CHICAGO, IL -- Mice exposed to the fungicide tolyfluanid (TF) showed metabolic changes similar to those that signify the development of the metabolic syndrome. The results, which were presented Sunday at the joint meeting of the International Society of Endocrinology and the Endocrine Society: ICE/ENDO 2014 in Chicago.
Metabolic syndrome is a cluster of conditions including increased blood pressure, high blood sugar level, excess body fat around the waist and abnormal cholesterol levels. Together these conditions increase the risk of heart disease, stroke and diabetes.
Rates of occurrence of metabolic diseases such as obesity and diabetes are continuing to increase worldwide. Although poor diet and lack of physical activity are primary causes of the majority of metabolic disease, environmental factors have increasingly been implicated as important contributing causes that may increase the risks of developing metabolic diseases brought on by lifestyle.
"Recently, the attention of scientists has been attracted to endocrine-disrupting chemicals (EDCs), compounds that are suspected of promoting the development of various metabolic disorders via their capacity to impact hormonal and metabolic signaling pathways," said lead author Shane Regnier, a doctoral candidate at the University of Chicago's Committee for Molecular Metabolism & Nutrition. "Our study showed one potential EDC, an agricultural fungicide called tolylfluanid (TF), led to metabolic changes in mice including accumulation of body fat, disruption of glucose metabolism, and reduction of adipose insulin sensitivity."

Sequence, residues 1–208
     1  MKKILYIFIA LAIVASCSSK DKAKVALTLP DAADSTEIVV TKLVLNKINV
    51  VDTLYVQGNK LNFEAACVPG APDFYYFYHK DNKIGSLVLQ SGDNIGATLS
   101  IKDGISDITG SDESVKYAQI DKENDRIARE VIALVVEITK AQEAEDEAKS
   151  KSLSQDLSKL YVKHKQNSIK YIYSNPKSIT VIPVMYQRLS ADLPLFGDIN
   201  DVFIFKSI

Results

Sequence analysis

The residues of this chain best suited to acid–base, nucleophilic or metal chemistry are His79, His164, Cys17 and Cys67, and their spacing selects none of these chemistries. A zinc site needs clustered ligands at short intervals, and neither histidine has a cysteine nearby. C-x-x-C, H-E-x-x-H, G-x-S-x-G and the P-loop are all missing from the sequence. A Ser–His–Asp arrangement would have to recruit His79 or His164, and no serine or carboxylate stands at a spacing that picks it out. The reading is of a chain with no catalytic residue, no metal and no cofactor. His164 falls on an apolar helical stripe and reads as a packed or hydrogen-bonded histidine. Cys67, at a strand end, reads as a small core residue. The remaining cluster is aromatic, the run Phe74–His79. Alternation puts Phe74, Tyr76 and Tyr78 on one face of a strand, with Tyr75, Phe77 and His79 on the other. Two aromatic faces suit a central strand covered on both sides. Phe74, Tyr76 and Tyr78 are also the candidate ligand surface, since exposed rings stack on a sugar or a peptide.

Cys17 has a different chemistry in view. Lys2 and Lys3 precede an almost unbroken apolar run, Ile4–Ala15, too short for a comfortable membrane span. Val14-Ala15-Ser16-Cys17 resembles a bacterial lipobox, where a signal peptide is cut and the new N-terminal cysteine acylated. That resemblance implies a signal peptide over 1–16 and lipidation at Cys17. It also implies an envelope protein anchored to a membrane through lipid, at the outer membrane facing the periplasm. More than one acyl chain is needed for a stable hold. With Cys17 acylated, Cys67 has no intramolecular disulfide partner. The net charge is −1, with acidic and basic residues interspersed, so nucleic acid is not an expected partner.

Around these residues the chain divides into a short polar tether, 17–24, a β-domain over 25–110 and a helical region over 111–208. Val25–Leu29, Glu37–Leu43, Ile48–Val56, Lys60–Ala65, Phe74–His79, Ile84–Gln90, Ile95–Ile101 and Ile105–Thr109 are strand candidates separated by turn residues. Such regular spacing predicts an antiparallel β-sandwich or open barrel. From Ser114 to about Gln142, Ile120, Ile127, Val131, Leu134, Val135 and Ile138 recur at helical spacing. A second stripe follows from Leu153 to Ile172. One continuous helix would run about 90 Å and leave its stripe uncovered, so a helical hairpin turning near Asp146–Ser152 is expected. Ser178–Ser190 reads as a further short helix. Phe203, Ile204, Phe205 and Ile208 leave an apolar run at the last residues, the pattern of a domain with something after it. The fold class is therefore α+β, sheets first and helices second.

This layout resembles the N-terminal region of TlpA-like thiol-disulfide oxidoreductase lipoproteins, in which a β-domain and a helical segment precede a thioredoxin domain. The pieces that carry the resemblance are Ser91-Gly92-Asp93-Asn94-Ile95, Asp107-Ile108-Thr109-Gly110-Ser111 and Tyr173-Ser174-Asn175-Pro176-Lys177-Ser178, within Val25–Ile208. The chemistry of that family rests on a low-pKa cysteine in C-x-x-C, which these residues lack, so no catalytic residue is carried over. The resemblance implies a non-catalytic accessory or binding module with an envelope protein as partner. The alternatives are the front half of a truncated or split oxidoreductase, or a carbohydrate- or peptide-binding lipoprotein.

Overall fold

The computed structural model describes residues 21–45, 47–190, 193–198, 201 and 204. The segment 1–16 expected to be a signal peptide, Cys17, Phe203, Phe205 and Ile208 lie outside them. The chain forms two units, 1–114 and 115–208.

Adult male mice that consumed a diet containing TF at 100 ppm for 12 weeks showed the types of changes in fasting blood glucose and adipose accumulation that may signify development of metabolic syndrome. In a separate study, mice were exposed to TF only during fetal development and as newborns. When examined at the time of weaning, the young mice displayed reduced body weight, a symptom that has been associated with an increased risk of metabolic disease later in life. These mice were followed to adulthood, and, although experiencing no further contact with TF, male mice that had been exposed only before and immediately after birth nevertheless displayed impaired glucose tolerance as adults.
The results of these two studies suggest that exposure to TF may promote the development of metabolic disease in humans. While TF levels have been measured in some food crops, in agricultural runoff, and in ground water, TF levels have not been measured in humans. The authors of the study suggest that the results of their two mouse experiments indicate that efforts should be made to characterize exposure of humans to TF to determine whether similar metabolic impacts are seen in humans and that continued use of TF should be carefully considered.
Although approximately 150,000 unique chemicals are registered with the European Chemicals Agency, most are tested only for acute toxicity and carcinogenic capacity. "We are only beginning to understand the role that human-made chemicals play in causing human disease," said Regnier. "The potential for chronic, low-dose exposure to impact and elicit human disease has only begun to be investigated," he added.
Founded in 1916, the Endocrine Society is the world's oldest, largest and most active organization devoted to research on hormones and the clinical practice of endocrinology. Today, the Endocrine Society's membership consists of over 17,000 scientists, physicians, educators, nurses and students in more than 100 countries. Society members represent all basic, applied and clinical interests in endocrinology. The Endocrine Society is based in Washington, DC. To learn more about the Society and the field of endocrinology, visit our site at http://www.